The distinction between a rape of a drunk girl and a drunken orgy is important in the sense that the former is punishable under the natural rights theory where the latter is not. However, from the point of view of culture they are both degrading and are made possible by the same lack of values.

++++++++++++++++++++++++++1

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gotlucky replied on Sun, Mar 24 2013 4:51 PM

troll:

First of all, what?  A cold or a fever can be just as impairing as being drunk, not to mention the drugs you might take to relieve their symptoms.  Second of all, whether you think the sniffles has anything to do with being impaired has nothing to do with what the legal system will accept, and both that and being drunk share the convenience that by the time legal proceeedings begin, they'll be long gone.  So it boils down to a guessing game.

The sniffles are not a fever, for which you could possibly have had a point about cognitive impairment. Alas, seeing as the sniffles have nothing to do with cognitive impairment, you just wasting all of our time.

troll:

You have Google, look it up for yourself. You will find instances where men were charged and/or convicted of rape when both parties were drunk, and you will certainly find that most interested parties believe that situation to be rape if the woman says it was.  The rape crisis lines will tell any woman that calls that the only standard to justify a rape claim is that the woman says she was impaired.

Again with the trolling. My actually statement was this:

gotlucky:

You full well know that the sniffles does not have anything to do with impairment. I would also like a source that says that touching someone while either of you are impaired is rape. Drunken hookups are common, and clearly people are not being arrested and prosecuted for drunken hookups. So you really need to source that claim.

I am waiting for the source that says, "[T]he law says touching someone who is "impaired" is rape." My response is directly relevant to that claim. Quit wasting our time with cut and paste hack jobs.

troll:

Is it?  Do we have some source that proves unequivocally that the boys were not themselves drunk?

Is that what I said? Would not a more accurate reading be that the girl herself has not been accused of raping the two boys?


I guess the troll got what it wanted...I responded to a troll post.

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Malachi replied on Sun, Mar 24 2013 5:09 PM

Also we don't have much of a culture just in general. To my mind there isn't anything like a positive rape culture out there. What there is a deep-seated crisis of values in general and the corresponding lack of culture as such.

thread over.

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Malachi:

Also we don't have much of a culture just in general. To my mind there isn't anything like a positive rape culture out there. What there is a deep-seated crisis of values in general and the corresponding lack of culture as such.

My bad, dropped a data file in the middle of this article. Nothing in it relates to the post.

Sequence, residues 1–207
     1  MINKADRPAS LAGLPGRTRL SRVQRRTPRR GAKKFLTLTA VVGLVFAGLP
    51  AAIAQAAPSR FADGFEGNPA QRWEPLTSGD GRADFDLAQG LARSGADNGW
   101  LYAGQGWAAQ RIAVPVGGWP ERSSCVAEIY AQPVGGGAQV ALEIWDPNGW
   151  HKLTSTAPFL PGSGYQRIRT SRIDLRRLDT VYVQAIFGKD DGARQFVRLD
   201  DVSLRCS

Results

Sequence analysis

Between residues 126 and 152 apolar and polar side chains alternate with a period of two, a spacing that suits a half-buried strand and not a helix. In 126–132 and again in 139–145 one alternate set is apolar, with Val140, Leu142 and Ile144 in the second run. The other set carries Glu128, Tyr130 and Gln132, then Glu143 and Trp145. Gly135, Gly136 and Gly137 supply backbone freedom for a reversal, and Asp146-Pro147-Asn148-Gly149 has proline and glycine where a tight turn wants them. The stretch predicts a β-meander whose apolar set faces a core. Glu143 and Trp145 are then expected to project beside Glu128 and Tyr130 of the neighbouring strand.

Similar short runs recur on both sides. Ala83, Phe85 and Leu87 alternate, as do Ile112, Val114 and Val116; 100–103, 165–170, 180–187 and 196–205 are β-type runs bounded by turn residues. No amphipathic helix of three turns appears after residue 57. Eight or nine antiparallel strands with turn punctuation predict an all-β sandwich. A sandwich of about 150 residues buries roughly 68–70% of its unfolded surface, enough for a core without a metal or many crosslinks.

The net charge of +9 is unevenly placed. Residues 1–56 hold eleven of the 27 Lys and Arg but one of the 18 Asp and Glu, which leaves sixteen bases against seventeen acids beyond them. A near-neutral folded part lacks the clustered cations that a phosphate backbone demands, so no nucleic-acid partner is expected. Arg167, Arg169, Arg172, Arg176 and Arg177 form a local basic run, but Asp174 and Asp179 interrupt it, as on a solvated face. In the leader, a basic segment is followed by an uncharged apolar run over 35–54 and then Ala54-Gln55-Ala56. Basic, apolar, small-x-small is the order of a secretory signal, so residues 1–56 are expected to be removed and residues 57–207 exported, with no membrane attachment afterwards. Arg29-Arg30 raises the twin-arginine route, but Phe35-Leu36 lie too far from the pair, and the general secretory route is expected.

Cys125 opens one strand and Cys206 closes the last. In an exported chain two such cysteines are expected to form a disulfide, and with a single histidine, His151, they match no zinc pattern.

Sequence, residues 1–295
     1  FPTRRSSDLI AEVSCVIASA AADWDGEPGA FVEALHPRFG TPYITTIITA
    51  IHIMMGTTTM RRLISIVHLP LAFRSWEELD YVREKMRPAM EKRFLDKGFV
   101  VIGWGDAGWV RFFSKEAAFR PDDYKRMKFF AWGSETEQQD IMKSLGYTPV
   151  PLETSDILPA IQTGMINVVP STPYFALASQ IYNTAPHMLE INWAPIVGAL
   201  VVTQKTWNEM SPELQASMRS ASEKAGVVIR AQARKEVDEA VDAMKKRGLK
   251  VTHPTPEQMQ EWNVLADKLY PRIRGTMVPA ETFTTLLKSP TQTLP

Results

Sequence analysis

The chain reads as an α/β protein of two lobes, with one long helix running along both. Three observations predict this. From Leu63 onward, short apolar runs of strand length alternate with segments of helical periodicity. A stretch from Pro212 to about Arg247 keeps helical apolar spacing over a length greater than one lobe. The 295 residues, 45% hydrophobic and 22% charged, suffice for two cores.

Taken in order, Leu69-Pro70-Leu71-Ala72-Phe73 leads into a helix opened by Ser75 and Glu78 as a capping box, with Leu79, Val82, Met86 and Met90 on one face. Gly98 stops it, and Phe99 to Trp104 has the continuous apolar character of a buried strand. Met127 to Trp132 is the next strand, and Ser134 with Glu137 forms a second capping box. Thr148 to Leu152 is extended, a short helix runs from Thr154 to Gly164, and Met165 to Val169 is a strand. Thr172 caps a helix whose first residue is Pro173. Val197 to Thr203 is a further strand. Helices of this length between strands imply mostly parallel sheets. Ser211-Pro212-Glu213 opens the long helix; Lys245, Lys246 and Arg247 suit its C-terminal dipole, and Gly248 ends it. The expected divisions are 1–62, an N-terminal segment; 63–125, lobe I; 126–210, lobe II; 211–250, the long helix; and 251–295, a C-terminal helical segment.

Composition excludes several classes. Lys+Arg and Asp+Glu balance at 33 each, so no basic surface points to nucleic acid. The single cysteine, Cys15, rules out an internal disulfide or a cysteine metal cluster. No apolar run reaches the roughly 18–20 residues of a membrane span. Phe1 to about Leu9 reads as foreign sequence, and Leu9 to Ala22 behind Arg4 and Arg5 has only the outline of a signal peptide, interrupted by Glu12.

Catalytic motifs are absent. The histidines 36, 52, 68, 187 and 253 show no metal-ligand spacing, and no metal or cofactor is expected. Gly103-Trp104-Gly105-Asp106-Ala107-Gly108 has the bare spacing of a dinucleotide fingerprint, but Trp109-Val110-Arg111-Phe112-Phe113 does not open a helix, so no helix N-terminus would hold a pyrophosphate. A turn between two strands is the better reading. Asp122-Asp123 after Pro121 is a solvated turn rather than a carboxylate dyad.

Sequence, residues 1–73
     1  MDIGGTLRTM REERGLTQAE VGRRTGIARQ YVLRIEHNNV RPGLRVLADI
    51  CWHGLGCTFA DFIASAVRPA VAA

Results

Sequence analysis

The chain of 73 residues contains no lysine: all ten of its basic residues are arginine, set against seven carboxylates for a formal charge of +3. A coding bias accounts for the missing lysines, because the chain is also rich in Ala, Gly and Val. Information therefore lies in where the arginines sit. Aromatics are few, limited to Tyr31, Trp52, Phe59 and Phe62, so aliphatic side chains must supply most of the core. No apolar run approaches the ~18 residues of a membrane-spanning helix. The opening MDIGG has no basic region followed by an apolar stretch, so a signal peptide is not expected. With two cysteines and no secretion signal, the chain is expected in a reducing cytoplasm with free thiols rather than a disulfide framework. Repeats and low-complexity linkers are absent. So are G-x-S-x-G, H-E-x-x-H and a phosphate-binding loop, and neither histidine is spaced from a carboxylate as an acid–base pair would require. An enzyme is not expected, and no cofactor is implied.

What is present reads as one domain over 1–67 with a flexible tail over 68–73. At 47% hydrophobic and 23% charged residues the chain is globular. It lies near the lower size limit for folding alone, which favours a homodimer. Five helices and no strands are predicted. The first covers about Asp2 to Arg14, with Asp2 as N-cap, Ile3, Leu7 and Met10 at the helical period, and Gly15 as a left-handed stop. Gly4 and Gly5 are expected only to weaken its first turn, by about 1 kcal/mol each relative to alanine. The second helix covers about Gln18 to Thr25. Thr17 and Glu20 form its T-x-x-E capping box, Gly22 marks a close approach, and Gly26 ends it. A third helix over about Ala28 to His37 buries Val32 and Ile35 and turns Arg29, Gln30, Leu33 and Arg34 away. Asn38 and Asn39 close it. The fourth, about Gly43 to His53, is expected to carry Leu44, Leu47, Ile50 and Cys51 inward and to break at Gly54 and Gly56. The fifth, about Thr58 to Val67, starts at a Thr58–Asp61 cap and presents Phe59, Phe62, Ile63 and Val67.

thread over.

This really sounds good at first, but then I fail to distill anything concrete or useful from such an abstract complaint about a "lacking culture".

I don't see how a situation like the one depicted here can warrant such grandiose claims about culture or the lack thereof.

I just see an isolate case of drunken kids acting really stupid, with the difference that now we have powerful internet channels that broadcast their actions and blow these things out of any reasonable proportion.

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Malachi replied on Sun, Mar 24 2013 7:30 PM

so all of that means the thread isnt over? I daresay, what are we talking about then? would you prefer your own words that say the same thing without referencing the op's argument?

I just see an isolate case of drunken kids acting really stupid, with the difference that now we have powerful internet channels that broadcast their actions and blow these things out of any reasonable proportion.

lol thread beyond ovar!1!1!!1!1!1

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Malachi replied on Sun, Mar 24 2013 7:38 PM

I don't see how a situation like the one depicted here can warrant such grandiose claims about culture or the lack thereof.

"crisis of values" = "acting really stupid"

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Wow you went from rational argumentation to overreactive ad hominem in the blink of an eye.  Good showing, gotlucky.  no  Seriously, do you take medication of some kind?  Every one of your responses today in this thread have been almost completely off your norm.

gotlucky:
The sniffles are not a fever, for which you could possibly have had a point about cognitive impairment. Alas, seeing as the sniffles have nothing to do with cognitive impairment, you just wasting all of our time.

You're in no better position to define "the sniffles" than I am, which is the point.  It's also why your haphazard dismissal of it is not only mystifying, it's wrong.